Mr. Pipes and others reel off a list of examples: Muslim cabdrivers in Minneapolis who have refused to take passengers carrying liquor; municipal pools and a gym at Harvard that have adopted female-only hours to accommodate Muslim women; candidates for office who are suspected of supporting political Islam; and banks that are offering financial products compliant with sharia, the Islamic code of law.

The danger, Mr. Pipes says, is that the United States stands to become another England or France, a place where Muslims are balkanized and ultimately threaten to impose sharia.
“It is hard to see how violence, how terrorism will lead to the implementation of sharia,” Mr. Pipes said. “It is much easier to see how, working through the system — the school system, the media, the religious organizations, the government, businesses and the like — you can promote radical Islam.”

A gym at Harvard adopting female-only pool hours? Quel horreur! I'd better hide my booze and get used to eating halal, because it would seem like a full-blown Islamic revolution is right around the corner!

In all seriousness, though, to act as though minor accomodations to a few Islamic cultural practices represent the first step toward imposing sharia law in the United States is simply absurd. Some European countries are having problems with their Muslim populations because of a combination of foolish immigration policies, status-quo economic management, and the perpetuation of inflexibly antiquated conceptions of their own political communities. The French have a model of "Frenchness" that is exclusivist to the point that nobody from another culture could ever hope to strike a proper balance between fidelity to their own traditions and accomodation with those of the society around them (this phenomenon, ironically enough, was one of the catalysts of the Zionist movement at the end of the nineteenth century). The United States is supposed to be different. We are supposed to have the kind of nationalism that is supple, that absorbs others' cultures and traditions even as it assimilates them into its own. I am supremely confident that we will be able to incorporate Muslims into American society without sacrificing our sovereignty to some nebulous "radical" threat posed by Islamic practices.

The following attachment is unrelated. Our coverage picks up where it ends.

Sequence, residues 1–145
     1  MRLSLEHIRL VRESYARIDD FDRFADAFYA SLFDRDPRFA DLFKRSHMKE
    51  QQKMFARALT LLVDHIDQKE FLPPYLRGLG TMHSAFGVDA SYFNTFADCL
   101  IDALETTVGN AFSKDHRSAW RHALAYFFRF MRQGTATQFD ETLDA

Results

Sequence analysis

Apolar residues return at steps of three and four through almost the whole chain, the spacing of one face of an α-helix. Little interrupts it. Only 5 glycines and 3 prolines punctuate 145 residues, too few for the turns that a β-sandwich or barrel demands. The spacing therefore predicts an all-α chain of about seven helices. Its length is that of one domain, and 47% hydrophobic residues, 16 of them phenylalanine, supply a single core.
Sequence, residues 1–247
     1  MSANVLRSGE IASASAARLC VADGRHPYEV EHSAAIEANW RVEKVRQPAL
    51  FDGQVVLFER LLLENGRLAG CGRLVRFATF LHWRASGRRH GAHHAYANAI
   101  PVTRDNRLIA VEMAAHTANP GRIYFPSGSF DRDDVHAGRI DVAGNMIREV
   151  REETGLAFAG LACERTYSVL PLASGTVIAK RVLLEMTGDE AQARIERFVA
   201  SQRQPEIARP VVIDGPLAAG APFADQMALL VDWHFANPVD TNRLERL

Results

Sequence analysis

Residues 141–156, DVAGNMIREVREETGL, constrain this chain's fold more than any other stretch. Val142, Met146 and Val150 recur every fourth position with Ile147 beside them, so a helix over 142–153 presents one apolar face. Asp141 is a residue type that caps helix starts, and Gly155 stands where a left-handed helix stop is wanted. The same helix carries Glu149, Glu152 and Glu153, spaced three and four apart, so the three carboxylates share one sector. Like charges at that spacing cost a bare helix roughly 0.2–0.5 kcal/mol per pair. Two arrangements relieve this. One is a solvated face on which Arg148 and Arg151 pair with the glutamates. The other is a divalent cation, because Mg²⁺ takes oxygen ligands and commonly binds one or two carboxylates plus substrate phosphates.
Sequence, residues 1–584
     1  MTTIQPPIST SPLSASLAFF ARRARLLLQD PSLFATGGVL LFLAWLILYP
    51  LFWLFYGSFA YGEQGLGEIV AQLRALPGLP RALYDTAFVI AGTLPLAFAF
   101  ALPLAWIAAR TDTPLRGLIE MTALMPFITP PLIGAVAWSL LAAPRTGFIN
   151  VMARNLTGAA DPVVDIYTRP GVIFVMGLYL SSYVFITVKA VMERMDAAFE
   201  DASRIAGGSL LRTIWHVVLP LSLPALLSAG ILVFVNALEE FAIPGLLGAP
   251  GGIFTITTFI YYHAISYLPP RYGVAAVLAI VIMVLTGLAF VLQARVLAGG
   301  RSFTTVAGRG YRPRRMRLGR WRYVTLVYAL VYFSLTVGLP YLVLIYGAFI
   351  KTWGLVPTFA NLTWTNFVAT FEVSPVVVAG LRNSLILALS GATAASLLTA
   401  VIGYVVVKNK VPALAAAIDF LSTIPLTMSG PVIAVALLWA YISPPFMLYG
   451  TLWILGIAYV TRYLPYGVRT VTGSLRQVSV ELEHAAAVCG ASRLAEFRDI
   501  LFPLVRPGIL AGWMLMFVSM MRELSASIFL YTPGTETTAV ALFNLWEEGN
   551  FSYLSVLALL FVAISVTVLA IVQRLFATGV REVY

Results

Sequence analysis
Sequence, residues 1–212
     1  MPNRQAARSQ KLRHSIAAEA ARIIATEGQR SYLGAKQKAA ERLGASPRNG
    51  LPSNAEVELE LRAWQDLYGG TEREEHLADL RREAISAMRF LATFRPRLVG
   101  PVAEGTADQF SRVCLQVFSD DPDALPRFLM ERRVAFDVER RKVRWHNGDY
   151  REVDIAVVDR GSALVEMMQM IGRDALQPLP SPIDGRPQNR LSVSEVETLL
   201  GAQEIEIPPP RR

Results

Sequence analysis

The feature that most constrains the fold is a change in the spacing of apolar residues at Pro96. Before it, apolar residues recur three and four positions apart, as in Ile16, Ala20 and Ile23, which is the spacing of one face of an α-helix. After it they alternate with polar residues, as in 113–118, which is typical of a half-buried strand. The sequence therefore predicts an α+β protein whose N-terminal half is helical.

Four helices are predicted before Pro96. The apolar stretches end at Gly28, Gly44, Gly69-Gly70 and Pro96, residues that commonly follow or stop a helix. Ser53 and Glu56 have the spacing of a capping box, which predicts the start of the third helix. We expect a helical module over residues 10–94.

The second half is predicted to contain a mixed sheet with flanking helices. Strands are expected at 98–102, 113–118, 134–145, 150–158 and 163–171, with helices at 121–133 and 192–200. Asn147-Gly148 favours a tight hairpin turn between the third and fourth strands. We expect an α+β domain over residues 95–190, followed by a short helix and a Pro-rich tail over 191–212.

Confident, that is, as long as conservative yahoos who have Samuel Huntington complexes and are somehow offended by foot washing basins in public bathrooms - people like Mr. Pipes - are relegated to the margins of national discourse. A good rule of thumb to keep in mind when talking about American politics - one that goes all the way back to the Alien and Sedition Acts - is that whenever someone starts talking about vague, underground, conspiratorial movements to radically alter the face of American society, it's probably bull$@#!. The fact that a few cabbies won't give you a ride because you're carrying booze, or that a few colleges have put foot sinks in their bathrooms so that Muslim students can wash their feet before prayer without breaking their necks, or that for a few hours a week some pools are restricted to women, isn't a sign of some nefarious plot to islamicize American society. It's a sign that institutions are making some reasonable accomodations to the cultural practices of the people around them. It's the very definition of an appropriate, balanced, liberal response to cultural difference. Last time I checked, after all, Christmas was still a Federal holiday. I doubt we'll hear Mr. Pipes complaining about that any time soon.

*I have no idea if this is actually a word, but I like it and have decided to use it going forward.

Thursday, April 24, 2008

Weapons in Lebanon

The Washington Post reports today that Lebanese civilians are beginning to arm themselves in anticipation that there will be no resolution to the country's political deadlock. This is evidently reflected in skyrocketing prices for small arms. All I can say is this can't be good.

Monday, April 21, 2008

Hamas and a Peace Deal

Jimmy Carter - a man for whom I have enormous respect, whatever some of his detractors say - has reported that the leadership of Hamas has told him that they would be open to a peace deal with Israel if it were approved by Palestinian citizens in a referendum, even if the deal contained some provisions with which Hamas disagreed. I must admit that I've been back and forth about whether or not Israel and the international community should bring Hamas into peace negotiations. I very much understand that Israel doesn't want to negotiate with a group that continues to deny its right to exist and thereby put that issue "back on the table" so to speak, but I think it's time to face up to the strategic reality that Israeli sanctions haven't brought about the collapse of the Hamas government in Gaza, and that as long as Hamas controls such a large portion of the Palestinian populace, no agreement will be possible without its assent. The Hamas leadership's statements to Carter might be sincere or they might be tactical, but for hard-nosed strategic reasons I think it's time to give them the benefit of the doubt and bring Hamas to the table in some capacity, if only because there aren't many other viable options.